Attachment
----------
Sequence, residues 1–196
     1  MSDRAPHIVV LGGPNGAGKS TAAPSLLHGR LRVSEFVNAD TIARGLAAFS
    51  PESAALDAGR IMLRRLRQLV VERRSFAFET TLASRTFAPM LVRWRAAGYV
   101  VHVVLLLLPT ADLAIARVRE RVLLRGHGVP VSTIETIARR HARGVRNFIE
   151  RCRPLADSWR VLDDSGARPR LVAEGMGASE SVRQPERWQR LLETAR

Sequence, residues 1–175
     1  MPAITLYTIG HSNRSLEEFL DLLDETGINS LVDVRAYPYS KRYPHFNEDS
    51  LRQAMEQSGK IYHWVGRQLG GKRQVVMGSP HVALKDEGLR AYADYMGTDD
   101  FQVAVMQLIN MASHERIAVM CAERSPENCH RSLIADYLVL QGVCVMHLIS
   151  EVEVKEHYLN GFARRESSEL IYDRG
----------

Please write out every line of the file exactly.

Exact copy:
Sequence, residues 1–196
     1  MSDRAPHIVV LGGPNGAGKS TAAPSLLHGR LRVSEFVNAD TIARGLAAFS
    51  PESAALDAGR IMLRRLRQLV VERRSFAFET TLASRTFAPM LVRWRAAGYV
   101  VHVVLLLLPT ADLAIARVRE RVLLRGHGVP VSTIETIARR HARGVRNFIE
   151  RCRPLADSWR VLDDSGARPR LVAEGMGASE SVRQPERWQR LLETAR

Sequence, residues 1–175
     1  MPAITLYTIG HSNRSLEEFL DLLDETGINS LVDVRAYPYS KRYPHFNEDS
    51  LRQAMEQSGK IYHWVGRQLG GKRQVVMGSP HVALKDEGLR AYADYMGTDD
   101  FQVAVMQLIN MASHERIAVM CAERSPENCH RSLIADYLVL QGVCVMHLIS
   151  EVEVKEHYLN GFARRESSEL IYDRG